Mashiach and Jewish Leadership: Part 25 – Punishment – Submission for the Sake of the Whole

Another verse written by King Solomon (Proverbs 17:26): "Also punishment for a tzadik is not good…" appears to be a contradiction to the previously discussed Midrashic interpretation which points to the positive aspects of punishment. The idiom "not good" in the above verse reminds us of the first appearance of these words in relation to Adam, the first man (Genesis 2:18): "It is not good that man should be alone." The correlation between these two verses alludes to the tzadik being "divorced" or separated from the one he is punishing. In so far as he endeavors to have a deep soul connection with everyone he contacts, it as if he is "married" to them. When forced to dispense punishment, he feels momentarily "divorced" and existentially alone, causing himself at times great pain and anguish. Even knowing that the punishment will in the long run be beneficial does not mitigate the negative reaction the tzadik experiences.

The Talmud discusses the fine difference between a tzadik and a chasid in the context of how one must dispose carefully of his finger nails when cutting them, lest a pregnant woman come and step on them, causing pain or fright that could lead to a miscarriage. A tzadik, we are told, buries his finger nails while a chasid burns them. The difference is based on another Talmudic statement which asserts that if a person consciously destroys any part of his body it can very negatively affect him. The tzadik is careful to bury his finger nails so as not to endanger a pregnant woman or himself. A chasid burns his finger nails because even though it may hurt him, he would rather suffer personally than take even the slightest risk of the finger nails being unearthed, thus possibly harming another.

The founder of the Lubavitch movement, Rabbi Shneur Zalman of Liyadi, used this example to describe the philosophical foundation of the emerging Chassidic movement. He encouraged Chassidic leaders to be above the level of tzadik in respect to their degree of self-sacrifice when leading the people. To the true Chassidic leader, punishment is hurtful to his own being, in as much as all Jewish souls are connected. Nevertheless, in order to ultimately sweeten reality, the leader is willing to punish despite the painful personal toll. Moses, David and Elijah were all willing to exact punishment for the sake of the public good and the repentance the punishments inspired. As a result, the belief in the Torah of Moses, the kingship of David and the realization of the Oneness of G-d at the time of Elijah were all strengthened.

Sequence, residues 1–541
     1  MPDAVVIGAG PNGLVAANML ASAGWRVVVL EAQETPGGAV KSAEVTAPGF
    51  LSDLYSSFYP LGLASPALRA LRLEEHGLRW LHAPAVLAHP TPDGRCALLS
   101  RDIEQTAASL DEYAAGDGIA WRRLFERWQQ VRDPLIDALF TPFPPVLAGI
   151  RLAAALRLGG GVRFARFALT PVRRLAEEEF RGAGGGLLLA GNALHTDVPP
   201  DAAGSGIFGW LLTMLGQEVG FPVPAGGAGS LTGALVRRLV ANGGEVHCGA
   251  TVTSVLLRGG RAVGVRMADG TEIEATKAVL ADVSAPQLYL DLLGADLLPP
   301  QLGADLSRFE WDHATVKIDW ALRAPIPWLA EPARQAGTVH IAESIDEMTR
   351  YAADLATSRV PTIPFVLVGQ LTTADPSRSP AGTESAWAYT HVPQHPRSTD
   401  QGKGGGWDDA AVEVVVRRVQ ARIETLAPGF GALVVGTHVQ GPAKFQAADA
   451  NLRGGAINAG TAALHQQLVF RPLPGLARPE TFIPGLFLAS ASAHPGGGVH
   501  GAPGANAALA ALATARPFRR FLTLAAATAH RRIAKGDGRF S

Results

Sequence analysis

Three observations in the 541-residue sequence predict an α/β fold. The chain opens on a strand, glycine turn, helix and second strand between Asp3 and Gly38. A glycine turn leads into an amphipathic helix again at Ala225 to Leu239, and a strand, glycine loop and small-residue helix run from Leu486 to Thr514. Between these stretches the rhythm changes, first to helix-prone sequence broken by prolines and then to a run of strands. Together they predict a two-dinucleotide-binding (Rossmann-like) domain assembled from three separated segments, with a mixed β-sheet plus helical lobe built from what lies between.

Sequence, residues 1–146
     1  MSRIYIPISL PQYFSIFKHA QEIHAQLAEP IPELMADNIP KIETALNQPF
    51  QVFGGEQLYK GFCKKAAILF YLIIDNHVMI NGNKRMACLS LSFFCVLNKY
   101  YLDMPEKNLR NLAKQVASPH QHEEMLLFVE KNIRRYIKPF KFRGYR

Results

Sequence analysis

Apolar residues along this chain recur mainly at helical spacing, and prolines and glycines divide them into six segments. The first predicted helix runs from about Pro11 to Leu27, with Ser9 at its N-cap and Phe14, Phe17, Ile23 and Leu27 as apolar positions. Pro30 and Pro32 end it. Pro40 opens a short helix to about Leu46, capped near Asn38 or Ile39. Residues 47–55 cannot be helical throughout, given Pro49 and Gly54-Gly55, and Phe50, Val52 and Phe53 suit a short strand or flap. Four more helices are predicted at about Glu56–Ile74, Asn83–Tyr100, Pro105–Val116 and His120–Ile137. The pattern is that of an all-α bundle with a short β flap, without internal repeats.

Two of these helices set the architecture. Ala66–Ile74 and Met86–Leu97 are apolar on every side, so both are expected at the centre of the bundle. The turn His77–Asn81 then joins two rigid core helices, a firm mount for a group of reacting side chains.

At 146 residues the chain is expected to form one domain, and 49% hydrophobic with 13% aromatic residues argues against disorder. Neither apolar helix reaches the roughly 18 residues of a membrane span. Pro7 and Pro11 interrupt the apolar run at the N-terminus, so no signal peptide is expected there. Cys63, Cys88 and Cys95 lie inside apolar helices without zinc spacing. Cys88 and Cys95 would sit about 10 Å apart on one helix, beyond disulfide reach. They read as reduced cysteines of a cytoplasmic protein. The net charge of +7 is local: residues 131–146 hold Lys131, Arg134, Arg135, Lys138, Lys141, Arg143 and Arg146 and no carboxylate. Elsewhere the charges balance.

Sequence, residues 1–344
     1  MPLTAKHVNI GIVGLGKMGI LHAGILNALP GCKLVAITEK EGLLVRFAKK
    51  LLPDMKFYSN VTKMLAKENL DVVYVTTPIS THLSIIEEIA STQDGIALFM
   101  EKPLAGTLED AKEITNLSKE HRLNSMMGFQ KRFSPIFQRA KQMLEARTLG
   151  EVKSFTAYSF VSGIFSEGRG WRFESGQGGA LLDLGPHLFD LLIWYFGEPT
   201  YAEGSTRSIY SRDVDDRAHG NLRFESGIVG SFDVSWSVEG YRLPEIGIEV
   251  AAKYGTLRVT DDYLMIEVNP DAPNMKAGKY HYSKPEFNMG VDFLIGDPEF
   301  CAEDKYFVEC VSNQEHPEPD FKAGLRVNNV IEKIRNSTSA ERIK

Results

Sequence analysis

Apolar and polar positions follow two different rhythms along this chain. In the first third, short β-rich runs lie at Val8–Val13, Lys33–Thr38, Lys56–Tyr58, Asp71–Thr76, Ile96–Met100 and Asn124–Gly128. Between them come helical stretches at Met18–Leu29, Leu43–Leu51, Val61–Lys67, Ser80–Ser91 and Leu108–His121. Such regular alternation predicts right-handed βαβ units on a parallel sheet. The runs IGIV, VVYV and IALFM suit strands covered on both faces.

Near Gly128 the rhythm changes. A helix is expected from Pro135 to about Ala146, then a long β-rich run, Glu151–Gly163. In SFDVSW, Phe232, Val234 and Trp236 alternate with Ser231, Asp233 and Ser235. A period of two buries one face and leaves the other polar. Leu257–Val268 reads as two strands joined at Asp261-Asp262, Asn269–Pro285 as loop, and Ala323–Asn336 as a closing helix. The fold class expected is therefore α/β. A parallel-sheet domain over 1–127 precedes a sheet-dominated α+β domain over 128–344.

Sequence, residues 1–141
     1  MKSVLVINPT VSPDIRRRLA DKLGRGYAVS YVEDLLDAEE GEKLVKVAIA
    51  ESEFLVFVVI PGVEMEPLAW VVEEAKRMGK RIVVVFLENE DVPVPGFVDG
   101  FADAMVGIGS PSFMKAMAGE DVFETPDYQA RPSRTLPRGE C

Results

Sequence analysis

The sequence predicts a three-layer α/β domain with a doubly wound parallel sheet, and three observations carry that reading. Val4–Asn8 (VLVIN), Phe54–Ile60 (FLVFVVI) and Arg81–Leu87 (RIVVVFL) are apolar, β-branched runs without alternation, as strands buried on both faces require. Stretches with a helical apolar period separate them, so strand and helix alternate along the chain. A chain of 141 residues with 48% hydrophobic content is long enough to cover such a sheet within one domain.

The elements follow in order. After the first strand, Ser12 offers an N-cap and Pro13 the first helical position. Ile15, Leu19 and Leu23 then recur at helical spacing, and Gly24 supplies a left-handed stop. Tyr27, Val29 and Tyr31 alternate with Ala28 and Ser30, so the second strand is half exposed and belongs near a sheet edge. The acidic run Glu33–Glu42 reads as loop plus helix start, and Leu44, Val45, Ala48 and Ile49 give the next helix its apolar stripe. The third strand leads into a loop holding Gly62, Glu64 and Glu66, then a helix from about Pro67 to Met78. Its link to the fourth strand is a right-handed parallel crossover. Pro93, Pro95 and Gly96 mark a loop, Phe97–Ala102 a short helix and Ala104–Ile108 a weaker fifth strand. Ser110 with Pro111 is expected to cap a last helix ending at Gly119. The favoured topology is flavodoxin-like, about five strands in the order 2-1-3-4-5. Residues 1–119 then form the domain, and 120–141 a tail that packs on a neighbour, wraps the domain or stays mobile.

To elevate the intrinsic sense of caring for others above personal needs or desires requires taking the self out of one's center of focus, or in the language of Chassidut, "setting one's self aside." Rebbe Nachman of Breslov described this action as "augmenting the honor of heaven while simultaneously decreasing one's own personal honor."

In concluding the first manifestation of folly, we can see that it too follows the three stages of Divine service as taught by the Ba'al Shem Tov. The stage of submission is the effect punishment has on the leader. The impression on his soul remains long after the momentary submission experienced by the recipient of the punishment. Separation occurs as the person being punished is now able to differentiate between good and evil. Sweetening is achieved through sincere repentance, the purpose intended by the leader when he initially decided to apply punishment. Although this level of folly contains all three stages, it is most associated with submission, as manifest in the subjugation of the evil inclination, the lowering of ego and the leader's subjugating his own tendencies for the benefit of others.

Our sages taught that "No one commits a sin unless a [temporary] spirit of foolishness enters him." In recognizing this truth, the leader fights folly with folly, by submitting his own nature to work against itself for the good of others. In this sense, one leads others by subjugating one's own interests for the good of the whole, the paradigm of submission in the soul. The essence of leadership is thus revealed in one who learns how to submit himself in order to serve both G-d and man.

 


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